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Deontay Wilder: The Perfect Fighter For 2 Seconds

Posted on 11/25/2019

By: Hans Themistode

Perfection doesn’t exist.

It doesn’t matter if we are referring to a basketball court, a football field or in this case, a boxing ring. The search for perfection just doesn’t exist.

We can take things a bit further and look at relationships. No matter how much you are in love with your significant other, you know that they have plenty of flaws.

Boxing is a difficult sport to master. More so than others.

In basketball a player can go an entire game without missing a shot. A football player can go an entire game without missing a single pass. It’s rare, but it can happen. In boxing, however, the search for perfection is simply impossible.

The retired but now newly unretired Floyd Mayweather Jr boasted a professional record consisting of 50 wins without a single defeat. Mayweather never had any weaknesses in his game, but it is his defensive ability where he has always shone brightest.

Some of the all-time greatest fighters to ever put on a pair of gloves have seldom found any success when facing him. Still, for as great as Mayweather is as a defensive fighter, he does have lapses. Take for instance his 2010 contest against Shane Mosley, where he was rocked not once but twice in the second round. For as great as Mayweather is at the art of hitting but not getting hit, he still victim fell on some rare occasions.

How about another example? This time from the vault of retired soon to be hall of famer Andre Ward. He would go on to hang up his gloves for good in 2017 with a spotless record after 32 fights. Much like Mayweather, Ward was incredibly hard to hit. However in the case of Darnell Boone and Sergey Kovalev, he would get dropped in both contest, proving that his cloak of invincibility was nothing more than an illusion.

Floyd Mayweather, Andre Ward and a long list of fighters aren’t perfect, but they are about as close as you will possibly get.

As previously mentioned, the sport of boxing has no perfect fighter, but there are numerous ones who can give you that impression.

In the case of WBC Heavyweight champion Deontay Wilder, he gives you a different impression altogether.

From the moment the Alabama native stepped on the boxing scene, he scored knockout after knockout win, which although impressive, was to be expected. Even as he rose through the ranks and became a bonafide contender to eventually the WBC champion, something just didn’t seem right. The brutal stoppage wins were racking up, but the disbelievers in Wilder were still growing.

The issue with Wilder and his non stop critics are the Aesthetics of his performances.

Take his 2017 stoppage win over Gerald Washington for example. It was a close back and forth affair until Wilder connected with a few of his big shots. How about Artur Szpilka? Again, another close fight for Wilder until he landed his right hand right on the button and put his man down and out for good.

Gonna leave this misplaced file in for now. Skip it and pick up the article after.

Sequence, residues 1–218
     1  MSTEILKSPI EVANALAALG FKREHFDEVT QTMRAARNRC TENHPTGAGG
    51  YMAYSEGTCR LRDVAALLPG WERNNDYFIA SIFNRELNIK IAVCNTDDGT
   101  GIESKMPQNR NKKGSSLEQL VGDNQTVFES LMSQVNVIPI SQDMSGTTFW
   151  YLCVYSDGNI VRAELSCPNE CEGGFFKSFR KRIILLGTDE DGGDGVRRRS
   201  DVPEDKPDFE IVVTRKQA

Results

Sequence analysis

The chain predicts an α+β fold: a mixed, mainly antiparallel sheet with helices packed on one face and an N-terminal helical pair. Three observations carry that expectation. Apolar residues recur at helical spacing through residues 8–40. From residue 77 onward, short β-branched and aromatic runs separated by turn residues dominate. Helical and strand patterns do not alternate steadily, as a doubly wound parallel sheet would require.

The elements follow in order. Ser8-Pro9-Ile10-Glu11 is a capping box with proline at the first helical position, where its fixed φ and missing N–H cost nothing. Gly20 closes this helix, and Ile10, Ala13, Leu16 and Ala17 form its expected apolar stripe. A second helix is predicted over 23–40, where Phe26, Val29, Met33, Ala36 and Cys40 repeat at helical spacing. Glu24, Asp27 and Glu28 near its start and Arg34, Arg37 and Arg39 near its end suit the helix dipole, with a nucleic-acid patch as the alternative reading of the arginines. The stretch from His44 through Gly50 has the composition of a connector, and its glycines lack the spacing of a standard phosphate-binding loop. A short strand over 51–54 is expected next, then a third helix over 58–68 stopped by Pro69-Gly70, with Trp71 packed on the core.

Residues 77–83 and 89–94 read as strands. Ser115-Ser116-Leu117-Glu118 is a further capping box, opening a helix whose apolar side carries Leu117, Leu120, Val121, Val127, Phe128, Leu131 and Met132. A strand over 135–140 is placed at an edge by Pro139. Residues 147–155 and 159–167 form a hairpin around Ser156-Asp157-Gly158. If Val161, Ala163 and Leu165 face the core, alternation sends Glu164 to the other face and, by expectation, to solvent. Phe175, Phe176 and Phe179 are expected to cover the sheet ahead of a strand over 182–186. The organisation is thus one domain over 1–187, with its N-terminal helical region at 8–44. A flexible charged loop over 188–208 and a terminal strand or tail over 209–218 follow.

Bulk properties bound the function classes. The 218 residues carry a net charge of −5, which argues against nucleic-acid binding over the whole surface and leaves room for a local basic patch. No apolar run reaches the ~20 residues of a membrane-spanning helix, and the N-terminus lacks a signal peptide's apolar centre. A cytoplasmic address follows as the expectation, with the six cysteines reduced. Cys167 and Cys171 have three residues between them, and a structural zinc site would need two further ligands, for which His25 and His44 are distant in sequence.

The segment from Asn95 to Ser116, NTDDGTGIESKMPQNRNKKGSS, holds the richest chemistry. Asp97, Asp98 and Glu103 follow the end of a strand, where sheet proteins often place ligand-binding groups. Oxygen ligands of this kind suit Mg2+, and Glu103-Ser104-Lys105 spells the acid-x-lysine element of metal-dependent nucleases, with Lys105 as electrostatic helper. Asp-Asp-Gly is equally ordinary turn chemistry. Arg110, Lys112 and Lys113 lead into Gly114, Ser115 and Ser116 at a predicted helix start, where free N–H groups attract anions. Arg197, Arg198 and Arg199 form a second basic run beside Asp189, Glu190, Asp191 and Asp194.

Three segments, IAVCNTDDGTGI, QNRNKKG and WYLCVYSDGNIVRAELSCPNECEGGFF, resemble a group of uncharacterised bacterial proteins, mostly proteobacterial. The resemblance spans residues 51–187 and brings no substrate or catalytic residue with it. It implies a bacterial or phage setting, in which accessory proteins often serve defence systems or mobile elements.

Wilder doesn’t just have an awkward boxing style, but he seems to not have any at all. He seldom does any work to the body. His jab isn’t as accurate or sharp of his contemporaries either.

There is a long list of fighters throughout history who did not have the best or most eye pleasing abilities. Muhammad Ali was often times criticized for his unconventional way of fighting. So was Roy Jones Jr. Do yourself a favor and try to find one single fight of Roy Jones throwing a jab. It rarely happened. Ali and Jones oftentimes fought with their hands down and relied on their unbelievable reflexes to get out of harm’s way.

Wilder, in many ways, shares many of those tactics. His however, comes in the form of his otherworldly power.

How many times have we seen him struggle with an opponent just to end the contest in the blink of an eye? Look no further than his rematch against Luis Ortiz this past Saturday night at the MGM Grand Arena, in Las Vegas, Nevada. Through six rounds, Wilder trailed on the scorecards of all three judges. With one straight right hand however, it ended everything. He has done the same thing to Dominic Breazeale, Johann Duhaupas, Malik Scott and countless others.

For Wilder, he needs only the most minuscule of time to end a fight.

“These fighters have to be perfect for 12 rounds,” said Wilder. “I only have to be perfect for 2 seconds.”

Wilder is correct. Once he finds his opening, he will exploit it.

With each knockout victory, the rumblings have now grown louder and louder that he is in fact, the hardest hitting boxer of all-time. A sentiment that even Ben Davison, Tyson Fury’s trainer believes to be true.

“He’s the biggest puncher in not just heavyweight history,” said Davison. “But boxing history, bar none. And he’s proven it.”

Normally when a fighter is given such a high praise, it is difficult to accept such a high honor. For Wilder other hand, he believes the distinction of being recognized as the hardest hitter in boxing history is one that he has earned.

“At this point in time, I think I’ve earned my due respect and credit to say I am the hardest-hitting puncher in boxing history. Period,” said Wilder. “It reminds me back of what [the late legendary trainer] Emanuel Steward once told me personally. He told me, ‘You’re fighting little opposition right now, but even when you move up to the top, you’re still going to knock them out.’ He told me that personally, and I’m fulfilling what he told me.”

Deontay Wilder is riddled with flaws. However, for 2 seconds he is a perfect one. Over and over again, he has proven that is all the time that he needs.

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